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A multi-component, community-based strategy to facilitate COVID-19 vaccine uptake among Latinx populations: from theory to practice

By Carina Marquez, Andrew Kerkhoff, Jamie Naso, Maria G Contreras, Edgar Castellanos, Susana Rojas, James Peng, Luis Rubio, Diane Jones, Jon Jacobo, Susy Rojas, Rafael Gonzalez, Jonathan D. Fuchs, Douglas Black, Salustiano Ribeiro, Jen Nossokoff, Valerie Tulier-Laiwa, Jacqueline Martinez, Gabriel Chamie, Genay Pilarowski, Joseph L. DeRisi, Maya Petersen, Diane V. Havlir

Posted 09 Jun 2021
medRxiv DOI: 10.1101/2021.06.07.21258230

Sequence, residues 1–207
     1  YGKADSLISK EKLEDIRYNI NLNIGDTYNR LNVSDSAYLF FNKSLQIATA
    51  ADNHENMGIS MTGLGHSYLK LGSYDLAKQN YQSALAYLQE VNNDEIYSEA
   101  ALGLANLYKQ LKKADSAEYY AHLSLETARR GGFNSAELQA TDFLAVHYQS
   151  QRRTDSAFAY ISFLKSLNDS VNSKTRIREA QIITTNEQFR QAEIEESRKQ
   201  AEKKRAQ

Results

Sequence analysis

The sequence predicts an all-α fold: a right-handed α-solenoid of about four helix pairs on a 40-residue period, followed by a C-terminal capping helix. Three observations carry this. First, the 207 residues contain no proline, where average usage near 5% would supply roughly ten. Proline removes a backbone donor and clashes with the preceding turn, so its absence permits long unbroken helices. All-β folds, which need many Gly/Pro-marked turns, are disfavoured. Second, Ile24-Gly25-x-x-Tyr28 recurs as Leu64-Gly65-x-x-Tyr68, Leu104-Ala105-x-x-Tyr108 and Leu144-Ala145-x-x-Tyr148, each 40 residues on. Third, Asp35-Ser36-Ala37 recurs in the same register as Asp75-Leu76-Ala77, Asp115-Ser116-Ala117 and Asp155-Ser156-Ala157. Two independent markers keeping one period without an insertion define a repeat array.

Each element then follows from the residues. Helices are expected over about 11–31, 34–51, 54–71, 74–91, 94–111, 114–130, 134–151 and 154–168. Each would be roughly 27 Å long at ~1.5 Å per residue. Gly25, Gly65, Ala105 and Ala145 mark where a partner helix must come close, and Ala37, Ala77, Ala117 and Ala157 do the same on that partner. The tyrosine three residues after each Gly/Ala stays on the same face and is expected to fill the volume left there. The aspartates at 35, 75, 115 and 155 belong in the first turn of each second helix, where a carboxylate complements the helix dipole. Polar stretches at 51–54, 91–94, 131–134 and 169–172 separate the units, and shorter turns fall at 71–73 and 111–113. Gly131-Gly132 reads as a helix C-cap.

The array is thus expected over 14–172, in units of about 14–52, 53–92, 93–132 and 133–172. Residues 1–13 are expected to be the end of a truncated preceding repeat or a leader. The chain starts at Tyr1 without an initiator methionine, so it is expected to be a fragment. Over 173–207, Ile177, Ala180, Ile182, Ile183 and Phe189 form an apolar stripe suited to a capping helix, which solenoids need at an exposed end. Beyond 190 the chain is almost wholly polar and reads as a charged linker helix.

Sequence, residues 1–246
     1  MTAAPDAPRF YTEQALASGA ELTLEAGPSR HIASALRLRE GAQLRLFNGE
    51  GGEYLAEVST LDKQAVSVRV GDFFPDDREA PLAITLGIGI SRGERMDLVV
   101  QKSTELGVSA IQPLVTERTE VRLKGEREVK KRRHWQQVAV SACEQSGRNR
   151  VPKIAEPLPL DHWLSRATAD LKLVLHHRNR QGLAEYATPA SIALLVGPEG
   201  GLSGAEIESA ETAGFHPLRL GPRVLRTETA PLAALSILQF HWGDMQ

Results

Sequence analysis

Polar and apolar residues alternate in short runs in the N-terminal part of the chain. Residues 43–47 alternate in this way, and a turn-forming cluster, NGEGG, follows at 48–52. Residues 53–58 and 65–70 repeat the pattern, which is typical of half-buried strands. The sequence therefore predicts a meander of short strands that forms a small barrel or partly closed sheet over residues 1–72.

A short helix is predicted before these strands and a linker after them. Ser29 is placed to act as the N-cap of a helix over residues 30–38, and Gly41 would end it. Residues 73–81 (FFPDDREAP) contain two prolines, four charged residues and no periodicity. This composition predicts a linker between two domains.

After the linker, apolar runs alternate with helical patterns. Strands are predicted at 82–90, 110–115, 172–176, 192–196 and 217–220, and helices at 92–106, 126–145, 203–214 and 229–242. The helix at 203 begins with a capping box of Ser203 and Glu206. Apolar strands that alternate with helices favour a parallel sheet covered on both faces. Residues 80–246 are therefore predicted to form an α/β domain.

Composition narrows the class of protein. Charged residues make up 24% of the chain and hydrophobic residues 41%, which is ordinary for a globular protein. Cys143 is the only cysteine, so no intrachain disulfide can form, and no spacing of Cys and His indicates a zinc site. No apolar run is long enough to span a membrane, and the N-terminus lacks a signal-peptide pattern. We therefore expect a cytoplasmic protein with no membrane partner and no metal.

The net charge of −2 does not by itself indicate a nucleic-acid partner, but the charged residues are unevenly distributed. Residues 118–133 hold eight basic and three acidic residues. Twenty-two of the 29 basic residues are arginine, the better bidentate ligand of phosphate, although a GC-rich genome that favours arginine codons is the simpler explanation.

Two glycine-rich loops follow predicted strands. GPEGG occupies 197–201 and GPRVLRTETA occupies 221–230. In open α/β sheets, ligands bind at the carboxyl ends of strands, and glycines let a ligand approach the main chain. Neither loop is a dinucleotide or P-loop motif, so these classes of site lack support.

Background COVID-19 vaccine coverage in the Latinx community depends on delivery systems that overcome barriers such as institutional distrust, misinformation, and access to care. We hypothesized that a community-centered vaccination strategy that included mobilization, vaccination, and "activation" components could successfully reach an underserved Latinx population, utilizing its social networks to boost vaccination coverage. Methods and Findings Our community-academic-public health partnership, "Unidos en Salud," utilized a theory-informed approach to design our "Motivate, Vaccinate, and Activate" COVID-19 vaccination strategy. Our strategy's design was guided by the PRECEDE Model and sought to address and overcome predisposing, enabling, and reinforcing barriers to COVID-19 vaccination faced by Latinx individuals in San Francisco. We evaluated our prototype outdoor, "neighborhood" vaccination program located in a central commercial and transport hub in the Mission District in San Francisco, using the Reach, Effectiveness, Adoption, Implementation and Maintenance (RE-AIM) framework during a 16-week period from February 1, 2021 to May 19, 2021. Programmatic data, city-wide COVID-19 surveillance data, and a survey conducted between May 2, 2021 and May 19, 2021 among 997 vaccinated clients at least 16 years old were used in the evaluation. There were 20,792 COVID-19 vaccinations administered at the neighborhood site during the 16-week evaluation period. Vaccine recipients had a median age of 43 (IQR 32-56) years, 53.9% were male and 70.5% were Latinx, 14.1% white, 7.7% Asian, 2.4% Black, and 5.3% other. Latinx vaccinated clients were substantially more likely than non-Latinx clients to have an annual household income of less than $50,000 a year (76.1% vs. 33.5%), be a first-generation immigrant (60.2% vs. 30.1%), not have health insurance (47.3% vs. 16.0%), and not have access to primary care provider (62.4% vs. 36.2%). The most frequently reported reasons for choosing vaccination at the site were its neighborhood location (28.6%), easy and convenient scheduling (26.9%) and recommendation by someone they trusted (18.1%); approximately 99% reported having an overall positive experience, regardless of ethnicity. Notably, 58.3% of clients reported that they were able to get vaccinated earlier because of the neighborhood vaccination site, 98.4% of clients completed both vaccine doses, and 90.7% said that they were more likely to recommend COVID-19 vaccination to family and friends after their experience; these findings did not substantially differ according to ethnicity. There were 40.3% of vaccinated clients who said they still knew at least one unvaccinated person (64.6% knew 3 or more). Among clients who received both vaccine doses (n=729), 91.0% said that after their vaccination experience, they had personally reached out to at least one unvaccinated person they knew (61.6% reached out to 3 or more) to recommend getting vaccinated; 83.0% of clients reported that one or more friends, and/or family members got vaccinated as a result of their outreach, including 18.9% who reported 6 or more persons got vaccinated as a result of their influence. Conclusions A multi-component, "Motivate, Vaccinate, and Activate" community-based strategy addressing barriers to COVID-19 vaccination for the Latinx population reached the intended population, and vaccinated individuals served as ambassadors to recruit other friends and family members to get vaccinated.

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